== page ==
Mapping populations in the present study were phenotyped in one to two crop seasons at one to three locations for FW resistance. Detailed analysis of phenotyping data showed that parents were true to the type in terms of disease reactions and huge variations among progenies were observed across locations and years. The results indicated that sufficient variatons were present to map the FW resistance. However, due to location × environment interations, huge variaion was observed in the average PDI score. The phenotypic variation ultimately, affects the identifcation of stable QTLs across the years.

Construction of dense genetic maps is useful in trait mapping studies, including fine mapping, positional cloning, construction of genome assembly and further improvement of genome sequences28, 29. The current availability of more than >3000 SSR markers; diversity arrays technology (DArT) array with 15,360 features; 1616 Kompetitive Allele Specific PCR (KASP) provides an opportunity to develop high-density genetic maps30. However, due to the low level of genetic polymorphism in Cajanus spp, it was difficult to develop dense genetic maps. In this direction, six SSR-markers based intra-specific genetic maps with 59 to 140 SSR loci were constructed, while the consensus map constructed using six component maps had only 339 SSR markers31. To overcome the problems mentioned above at some extent, first high density genetic map with 875 KASP and 35 SSR markers was developed for an inter-specific population with an average inter marker distance of 1.11 cM28. Therefore GBS seems to be a promising approach for the construction of dense intra-specific genetic maps in pigeonpea. Construction of GBS based high density genetic maps is the common approach in the majority of the crop plants30, 32, 33. In the present study GBS approach was used for the construction of three genetic maps for intra-specific populations.

In the present study, we have used GBS approach to discover and genotype SNPs in three mapping populations, namely PRIL_A, PRIL_B and F2s. Sequencing of mapping populations resulted in the identification of 0.10, 0.21 and 0.08 million SNPs in PRIL_A, PRIL_B and F2:3, respectively. Detected SNPs in the present analysis were comparatively higher to any of the previously reported genetic mapping studies in pigeonpea28. Further, a stringent selection criterion including missing percentage, minor allele frequency and percent heterozygosity was adopted to filter out the SNPs to select the panel of robust SNPs for constructing high-density genetic maps. The adopted stringent criteria reduce the number of SNPs from millions to few hundred, however, this is very common in GBS data, and similar results have been reported in many other GBS based genetic mapping studies19, 20. In summary, in the present study, a total of 985 (0.96%), 1789 (0.84%) and 4209 SNPs (4.89%) were finally obtained in PRIL_A, PRIL_B and F2 respectively. The number of mapped markers was low in comparison to the identified SNPs between parental lines may be due to limited sequencing depth used for GBS. The numbers of SNPs in F2 were found higher in comparison to PRILs and this may be attributed to different parameters used to select SNPs in RIL and F2.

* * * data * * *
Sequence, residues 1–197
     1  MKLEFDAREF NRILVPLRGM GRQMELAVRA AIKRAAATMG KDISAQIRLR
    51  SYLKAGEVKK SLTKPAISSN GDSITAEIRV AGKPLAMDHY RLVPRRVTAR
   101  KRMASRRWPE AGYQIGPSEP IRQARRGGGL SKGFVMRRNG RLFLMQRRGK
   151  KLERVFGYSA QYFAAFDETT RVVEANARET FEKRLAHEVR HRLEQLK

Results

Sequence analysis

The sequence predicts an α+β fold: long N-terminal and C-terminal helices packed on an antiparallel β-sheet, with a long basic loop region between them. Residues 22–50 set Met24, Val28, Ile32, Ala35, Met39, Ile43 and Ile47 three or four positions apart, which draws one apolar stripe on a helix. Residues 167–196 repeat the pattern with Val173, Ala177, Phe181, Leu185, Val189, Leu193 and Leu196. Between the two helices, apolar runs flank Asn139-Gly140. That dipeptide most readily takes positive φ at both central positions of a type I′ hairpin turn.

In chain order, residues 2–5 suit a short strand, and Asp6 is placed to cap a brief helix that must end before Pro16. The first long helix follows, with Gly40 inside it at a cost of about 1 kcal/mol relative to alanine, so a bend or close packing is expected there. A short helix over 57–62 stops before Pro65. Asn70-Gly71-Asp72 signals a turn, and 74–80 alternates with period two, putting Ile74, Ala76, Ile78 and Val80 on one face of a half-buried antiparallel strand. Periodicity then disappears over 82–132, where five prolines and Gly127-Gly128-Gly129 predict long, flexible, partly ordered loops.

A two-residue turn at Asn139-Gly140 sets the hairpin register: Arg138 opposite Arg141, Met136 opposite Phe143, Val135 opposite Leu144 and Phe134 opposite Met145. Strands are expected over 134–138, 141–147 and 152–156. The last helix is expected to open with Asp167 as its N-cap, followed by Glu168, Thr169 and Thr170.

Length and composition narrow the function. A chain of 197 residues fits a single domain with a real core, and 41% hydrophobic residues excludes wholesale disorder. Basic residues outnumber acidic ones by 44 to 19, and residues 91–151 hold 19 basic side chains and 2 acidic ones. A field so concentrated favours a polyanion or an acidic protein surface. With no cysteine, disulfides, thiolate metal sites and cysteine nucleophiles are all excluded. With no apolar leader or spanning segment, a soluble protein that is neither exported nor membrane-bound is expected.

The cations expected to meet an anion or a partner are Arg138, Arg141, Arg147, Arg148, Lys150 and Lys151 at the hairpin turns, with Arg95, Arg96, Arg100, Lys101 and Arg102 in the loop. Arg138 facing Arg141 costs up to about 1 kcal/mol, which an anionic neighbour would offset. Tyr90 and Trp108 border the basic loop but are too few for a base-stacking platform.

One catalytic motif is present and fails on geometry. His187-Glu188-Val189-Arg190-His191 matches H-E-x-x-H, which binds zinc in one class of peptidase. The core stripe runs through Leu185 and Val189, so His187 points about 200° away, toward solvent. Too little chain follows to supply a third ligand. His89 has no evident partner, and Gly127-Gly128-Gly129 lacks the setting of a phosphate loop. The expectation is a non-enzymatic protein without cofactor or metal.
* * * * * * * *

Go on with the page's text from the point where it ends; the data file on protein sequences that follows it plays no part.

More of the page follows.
As compared to earlier genetic maps, dense genetic maps were constructed using 964 (97.86% SNPs mapped), 1101 (61.54% SNPs mapped) and 557 (13.23% SNPs mapped) SNP loci for PRIL_A, PRIL_B and F2 populations, respectively. The number of SNPs mapped in F2 population was quite low as compared to RILs and this may be due to segregation distortion of SNPs in F2s. Similar observations were also reported in maize while constructing GBS based genetic map for F2 population34. The current dense genetic maps (964 SNPs in PRIL_A), 1101 SNPs in PRIL_B and 557 SNPs in F2) will be useful for the development of high-density consensus map and fine mapping of QTLs28, 31, 35. However, in the present study we could not develop a consensus map due to lack of common markers across the mapping populations. This may be because of inherent nature of GBS, which takes random sites in the genome for detecting polymorphism.